DBSJeyaraj.com on Facebook

Lasantha Wickrematunge’s Killers Must Be Brought To Justice Under This Government

By D.B.S. Jeyaraj

Lasantha Manilal Wickrematunge and I were colleagues at The Island in the eighties of the last century. We were also residents of Kotahena then. Later I was for many years a columnist at The Sunday Leader writing from Canada. Above all “Lassie Boy” as I called him was a friend in every sense of the word. How I miss him! With the passage of time I realise more and more what a huge personal loss his death has been.

LW 7

Lasantha was a controversial and larger-than-life character whose journalism evoked different reactions in various people. Some loved him, some hated him, some admired him, and some condemned him. But the real Lasantha Wickrematunge was totally different to the “image” many had of him due to negative perceptions. He was friendly and easy to get along with. He was an amiable person with a tremendous sense of humour. As a friend, he was one who could be counted on to stand by his pals. It was indeed my privilege and good fortune to be closely associated with him for many years.

What endeared him to me most was his utter lack of racist consciousness. Lasantha was one who had no racist or chauvinist thinking in his psyche. He was fully aware of the problems faced by the minority ethnicities in Lanka. He had particular empathy for the Tamil predicament. This worldview and mindset was reflected in his journalism and the general editorial thrust of The Sunday Leader. The newspaper was boldly critical of majoritarian hegemony and strongly supportive of the legitimate aspirations of the Tamil people.

Earlier as reporters at The Island edited then by Vijitha Yapa, we worked together closely as a team chasing stories and getting scoops. I recall Lasantha’s brother Lal teasing us in fun then as “Mutt and Jeff”. In those days Lassie revealed to me his abiding interest in politics. We were alike in that respect but unlike me Lasantha wanted to be an active politician. This was due to his family background. In retrospect, I am glad that he couldn’t shine in electoral politics. Otherwise he would not have had his “avatar” as The Sunday Leader Editor. Lasantha Wickrematunga grew into his role as a fearless editor and was fully conscious of the historic role he was playing.

In the finest embodiment of journalistic values, Lasantha Wickrematunge and his The Sunday Leader spoke truth to power. In the process he did not merely ruffle feathers but stripped the “birdies” bald. From Chandrika Kumaratunga to Mahinda Rajapaksa, the highest in the land were all targets of his journalistic artillery. He was a virtual one-man opposition. Under his editorial leadership, his staffers and colleagues worked together as a dedicated team for the common good of this country by upholding liberal democratic values.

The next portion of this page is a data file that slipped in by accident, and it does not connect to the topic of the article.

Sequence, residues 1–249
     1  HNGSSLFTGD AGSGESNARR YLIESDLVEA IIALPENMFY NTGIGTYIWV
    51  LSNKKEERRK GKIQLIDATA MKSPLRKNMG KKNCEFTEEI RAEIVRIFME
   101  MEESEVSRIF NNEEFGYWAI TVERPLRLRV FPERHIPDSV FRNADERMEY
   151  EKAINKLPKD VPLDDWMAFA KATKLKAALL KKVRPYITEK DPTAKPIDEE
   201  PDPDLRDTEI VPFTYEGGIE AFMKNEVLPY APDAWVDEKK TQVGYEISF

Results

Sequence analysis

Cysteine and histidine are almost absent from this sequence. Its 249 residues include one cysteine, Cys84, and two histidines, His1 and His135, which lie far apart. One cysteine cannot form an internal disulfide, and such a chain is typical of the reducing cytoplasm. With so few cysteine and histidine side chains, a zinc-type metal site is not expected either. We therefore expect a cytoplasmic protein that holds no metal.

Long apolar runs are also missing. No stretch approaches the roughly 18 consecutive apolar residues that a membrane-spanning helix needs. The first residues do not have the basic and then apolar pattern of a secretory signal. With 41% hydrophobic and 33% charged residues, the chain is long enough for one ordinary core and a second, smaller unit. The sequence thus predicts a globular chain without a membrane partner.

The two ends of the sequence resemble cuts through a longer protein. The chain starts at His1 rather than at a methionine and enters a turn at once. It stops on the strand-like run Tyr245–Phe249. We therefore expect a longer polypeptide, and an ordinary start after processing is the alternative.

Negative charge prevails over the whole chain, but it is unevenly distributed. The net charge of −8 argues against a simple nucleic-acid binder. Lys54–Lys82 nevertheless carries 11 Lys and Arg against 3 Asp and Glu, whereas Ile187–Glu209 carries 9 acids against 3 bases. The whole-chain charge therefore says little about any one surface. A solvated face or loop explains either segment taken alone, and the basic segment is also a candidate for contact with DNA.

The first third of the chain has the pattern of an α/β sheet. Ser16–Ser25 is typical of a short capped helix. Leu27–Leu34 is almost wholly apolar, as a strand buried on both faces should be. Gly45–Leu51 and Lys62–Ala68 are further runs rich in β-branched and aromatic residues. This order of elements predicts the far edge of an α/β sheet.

He was uncommonly brave or foolhardy depending upon how one looks at it. The fact that he never had bodyguards or sought protection is illustrative of his defiant spirit. I was always concerned about the danger to his life and would caution him. But he would flippantly dismiss them. “Machang,” he would joke, “there are two things where you gotta go when you gotta go. One is the toilet and the other is the grave”.

Lasantha Wickrematunge lived for only 50 years and eight months on this planet. Yet, he achieved many, many things in that short lifespan. He singlehandedly changed the state of journalism in this country. His death has brought about a great void in Sri Lankan journalism. Yet the remaining staff at the paper remain loyal to his principles and memory and continue amid very difficult circumstances. The Sunday Leader proceeds along the path charted by Lassie, ‘Unbowed and Unafraid’.

In one of the articles I wrote after his death I stated as follows: “His killers may think that the gun has silenced the pen, but as a fellow scribe and friend I want to remind his killers that the last word about his death has not been written yet. There will come a time when justice would be meted out to his killers, both the arrow and the archer. Until then, we who loved and admired ‘Lassie Boy’ shall not rest. This is not a challenge, threat or boast but a simple statement of fact.”

Six years after his death the old order changed in Sri Lanka. A new President pledging good governance was elected on 8 January, the day on which Lassie was killed. It is my hope that Lasantha Wickrematunga’s killers – the arrows as well as the archer- would be brought to Justice under this new dispensation!

(This article was written for the Special supplement published by “The Sunday Leader”on January 3rd 2016 to denote the 7th death anniversary of Lasantha Wickrematunga)

DBS Jeyaraj can be reached at dbsjeyaraj@yahoo.com